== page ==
than a keyboard hack and you would probably want to get used
equipment in working order to do this. Hacking apart brand new
joysticks and game pads is okay if you have money to burn but
most do not. And besides, if you have money to burn, you could
have someone else do this whole project for you (see the links
page for details). I consulted ebay.com and Amazon.com auctions
for listings for game pads and joysticks. This can be an excellent
source for this kind of thing. You can get these things at half
what you pay for them normally, sometimes less. And remember,
a Mac ADB bus will allow 3 devices to be chained on it and the
Gravis software that comes with both the MousestickII and the
gamepad supports two units plugged in at the same time. This
can effectively double the number of buttons and combinations
you can use and still have a keyboard plugged in as well. Doing
it with USB parts would also allow this on either a Mac or a
And finally, the last
way to do the interface is to buy a USB interface specifically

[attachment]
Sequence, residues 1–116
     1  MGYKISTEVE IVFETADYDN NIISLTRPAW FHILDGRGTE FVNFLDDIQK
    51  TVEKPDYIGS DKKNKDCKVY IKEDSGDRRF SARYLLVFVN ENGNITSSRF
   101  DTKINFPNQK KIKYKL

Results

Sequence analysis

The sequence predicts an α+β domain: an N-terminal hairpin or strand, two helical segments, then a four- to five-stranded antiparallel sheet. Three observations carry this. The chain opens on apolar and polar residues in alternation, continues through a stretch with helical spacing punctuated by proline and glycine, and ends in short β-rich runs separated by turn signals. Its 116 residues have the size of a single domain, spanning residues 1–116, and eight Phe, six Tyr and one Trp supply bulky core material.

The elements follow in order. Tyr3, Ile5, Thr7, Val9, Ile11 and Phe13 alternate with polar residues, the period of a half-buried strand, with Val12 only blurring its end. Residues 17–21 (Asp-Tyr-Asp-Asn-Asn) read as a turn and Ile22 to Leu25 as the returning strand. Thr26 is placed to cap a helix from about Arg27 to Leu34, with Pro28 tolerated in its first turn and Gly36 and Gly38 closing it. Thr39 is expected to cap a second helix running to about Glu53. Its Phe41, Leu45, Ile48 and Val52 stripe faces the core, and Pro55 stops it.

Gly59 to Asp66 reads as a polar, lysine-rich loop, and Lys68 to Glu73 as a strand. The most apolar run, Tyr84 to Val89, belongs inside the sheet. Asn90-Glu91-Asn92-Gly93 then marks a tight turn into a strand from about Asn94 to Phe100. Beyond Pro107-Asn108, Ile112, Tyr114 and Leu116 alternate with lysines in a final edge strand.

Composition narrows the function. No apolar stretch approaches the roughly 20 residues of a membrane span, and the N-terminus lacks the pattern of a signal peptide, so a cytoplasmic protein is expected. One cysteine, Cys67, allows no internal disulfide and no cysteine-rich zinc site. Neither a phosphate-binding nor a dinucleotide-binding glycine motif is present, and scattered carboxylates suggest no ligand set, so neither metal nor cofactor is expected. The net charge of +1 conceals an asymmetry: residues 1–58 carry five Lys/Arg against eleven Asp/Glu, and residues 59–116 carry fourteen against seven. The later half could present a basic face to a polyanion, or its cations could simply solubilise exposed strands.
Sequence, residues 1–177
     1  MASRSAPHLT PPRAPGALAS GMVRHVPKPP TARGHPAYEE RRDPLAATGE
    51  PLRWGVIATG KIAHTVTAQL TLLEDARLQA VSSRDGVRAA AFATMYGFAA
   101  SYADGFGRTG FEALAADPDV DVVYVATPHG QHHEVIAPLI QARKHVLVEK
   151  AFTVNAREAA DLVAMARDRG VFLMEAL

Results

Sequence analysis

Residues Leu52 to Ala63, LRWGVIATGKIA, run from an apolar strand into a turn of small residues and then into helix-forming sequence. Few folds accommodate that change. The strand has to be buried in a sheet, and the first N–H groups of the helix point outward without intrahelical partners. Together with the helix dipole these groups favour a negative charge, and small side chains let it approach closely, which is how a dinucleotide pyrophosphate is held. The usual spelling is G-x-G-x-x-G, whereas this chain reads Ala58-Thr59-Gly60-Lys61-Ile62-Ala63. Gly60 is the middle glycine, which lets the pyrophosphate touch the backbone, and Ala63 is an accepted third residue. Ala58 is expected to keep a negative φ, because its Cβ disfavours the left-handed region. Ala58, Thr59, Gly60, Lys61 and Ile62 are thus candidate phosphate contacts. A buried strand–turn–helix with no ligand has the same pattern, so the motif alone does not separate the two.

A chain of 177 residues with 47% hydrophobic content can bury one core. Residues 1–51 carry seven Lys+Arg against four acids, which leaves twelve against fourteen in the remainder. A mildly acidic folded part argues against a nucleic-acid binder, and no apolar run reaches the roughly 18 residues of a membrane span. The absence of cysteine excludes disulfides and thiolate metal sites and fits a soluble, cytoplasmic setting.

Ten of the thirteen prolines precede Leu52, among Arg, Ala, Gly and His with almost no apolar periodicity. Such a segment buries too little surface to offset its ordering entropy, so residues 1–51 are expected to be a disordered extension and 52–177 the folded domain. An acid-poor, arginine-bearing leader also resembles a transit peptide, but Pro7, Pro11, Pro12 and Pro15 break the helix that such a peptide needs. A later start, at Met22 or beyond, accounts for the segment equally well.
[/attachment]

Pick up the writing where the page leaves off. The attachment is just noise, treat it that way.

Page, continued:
designed for this exact purpose. This is by far, the most expensive
option. Happ Controls
and another company that I cannot seem to remember the name of
both offer a USB interface that allows for several different
configurations. Happ's unit offers a driving module,
a flying module,
and a fighting module.
Each offers a different range of options and custom tailored
inputs for the type of simulation/emulation you wish to do. These
units are over $100 each but if you want the greatest flexibility,
PC and Mac compatibility for your arcade controller, this option
may be for you. There is one other advantage to this unit over
a keyboard hack. No ghosting. Ghosting is a word used to describe
what happens when certain keyboard key combinations when used
together yield unpredictable results. If you have never looked
inside a computer keyboard, it is a maze of printed circuits
and cross over connections. In other words, some keys will share
a common lead and therefore may not work reliably when pressed
at the same time. Try pressing down two keys on your keyboard
at once. What happened? Nothing? Something? Was it what you expected?
Every keyboard is designed differently. Two keys pressed at the
same time may interact well or may not interact well. All depends
on the what keys and which manufacturer. This will usually only
make a difference if you build a two player controller and then
challenge your friend to Mortal Kombat or something like that.
There is the possibility that your friend pushing up on his joystick
could cause your button x or y not to work. I built a two player